Unbeknown to many, the classic shotgun has taken on a variety of forms over the past few decades. Commonly thought of as a burly hunting weapon requiring a manual reload and cock back after each discharge, newer models of the shotgun have revolutionized loading times and rates of fire.
For clarity’s sake we will divide shotguns into 4 basic groups:single shot, double barrel, pump action, and automatic/semi-automatic. The differing classifications arise due to different mechanisms in the weapons which alter the guns firing rates, and method.
A single shot shotgun only holds one shell at a time, and is considered to be the most traditional form of shotgun. The single barrel shotgun is light, relatively inexpensive, and uses either break action or pump action to fire.
Only capable of firing one cartridge at a time, the single barrel shotgun requires a manual reload for another discharge to take place. These types of shotguns are generally used for hunting, competitive target shooting, and teaching purposes. A classic for of a single barrel shotgun is the Winchester Model 1897-
Characteristics for the Winchester Model 1897-
Produced from 1897 to 1957 the Winchester Model 1897 was offered in 12 and 16 gauges
The 12 gauge model has a 30-inch barrel while the 16 gauge has a 28-inch barrel
Was a pump-action single barrel shotgun and had an effective range of 22 meters
Weighed 8 lbs and was 39 inches in length
Shortly after the inception of the single barrel shotgun, the “Queen of shotguns” was invented in the form of the double barrel shotgun. Traditional and aesthetically pleasing, the double barrel shotgun fires two cartridges consecutively and uses a break action for reloading purposes.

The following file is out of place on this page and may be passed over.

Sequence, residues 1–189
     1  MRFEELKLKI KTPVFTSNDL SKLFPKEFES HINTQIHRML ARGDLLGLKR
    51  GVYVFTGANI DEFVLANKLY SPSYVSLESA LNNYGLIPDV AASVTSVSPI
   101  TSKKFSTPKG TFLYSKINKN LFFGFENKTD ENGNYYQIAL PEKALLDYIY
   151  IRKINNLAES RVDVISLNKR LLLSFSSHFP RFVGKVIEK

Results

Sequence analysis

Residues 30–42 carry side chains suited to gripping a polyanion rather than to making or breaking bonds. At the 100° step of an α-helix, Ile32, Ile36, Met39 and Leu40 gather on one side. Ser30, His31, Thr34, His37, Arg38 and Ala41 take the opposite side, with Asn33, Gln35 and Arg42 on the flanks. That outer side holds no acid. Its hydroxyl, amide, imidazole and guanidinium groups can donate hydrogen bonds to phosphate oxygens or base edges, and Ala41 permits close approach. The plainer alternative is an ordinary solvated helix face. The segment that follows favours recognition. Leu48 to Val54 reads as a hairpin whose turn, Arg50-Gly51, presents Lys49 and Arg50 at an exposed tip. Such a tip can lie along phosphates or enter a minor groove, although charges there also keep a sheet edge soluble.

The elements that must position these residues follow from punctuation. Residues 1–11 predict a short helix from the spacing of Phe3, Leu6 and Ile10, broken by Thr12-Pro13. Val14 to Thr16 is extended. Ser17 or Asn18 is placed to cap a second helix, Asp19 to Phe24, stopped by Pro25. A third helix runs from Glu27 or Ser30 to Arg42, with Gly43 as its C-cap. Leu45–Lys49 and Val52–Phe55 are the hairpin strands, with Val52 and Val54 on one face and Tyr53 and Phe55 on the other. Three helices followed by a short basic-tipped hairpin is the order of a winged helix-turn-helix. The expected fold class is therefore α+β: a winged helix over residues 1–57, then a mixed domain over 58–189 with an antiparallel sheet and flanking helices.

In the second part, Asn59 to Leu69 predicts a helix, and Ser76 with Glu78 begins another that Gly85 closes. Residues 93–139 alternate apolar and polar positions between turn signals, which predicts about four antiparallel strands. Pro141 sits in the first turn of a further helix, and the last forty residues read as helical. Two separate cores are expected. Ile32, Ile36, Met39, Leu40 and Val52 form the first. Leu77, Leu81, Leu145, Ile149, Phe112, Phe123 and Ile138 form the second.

The barrels are parallel to each other on the gun and built on a slight angle so the cartridges will actually converge once they reach about 40 yards. After the shots are discharged the user must flip the fun open (almost as if he were breaking it) to reveal the chamber and reload new cartridges. Newer models have automatic ejectors, which propel the empty cartridges when the gun is “broken.”
Older models came with two triggers to fire the weapon, however, more recent models have one trigger which can allow the operator to fire the cartridges simultaneously although this is not recommended. The double barrel shotgun fires one cartridge at a time, but can be fired rapidly through a clockwork system found inside of the gun.
Semi automatic or automatic shotguns are the latest innovation, and are typically used in the military or law enforcement. Using gas, inertia, or a recoil operations, the automatic shotgun can fire consecutive cartridges with a simple depression of the trigger.
Instead of manually reloading through breaking or pumping, the automatic family of shotguns will cycle each time the weapon is shot, automatically eject the spent shell, and subsequently reload the firearm with a fresh cartridge. Most semi-automatic shotguns have selective fire which can alternate between semi-automatic fire and traditional pump action firing. Although grouped in the same category, there is an inherent difference between semi-automatic and automatic shotguns.
Automatic shotguns are unique and uncommon, they can fire multiple cartridges rapidly with one simple trigger squeeze; semi automatic shotguns fire one shot per trigger squeeze and require a following trigger depression to subsequently discharge. Due to their rapid firing capabilities the use and sale of these weapons are highly regulated by the United States government.
Shotguns are a unique family of firearms because of their varying uses. Traditionally, single pump or double barreled shotguns are used for recreational purposes like hunting or clay shooting; while the more advanced semi-automatic and automatic models are strictly used by the military and law enforcement agencies.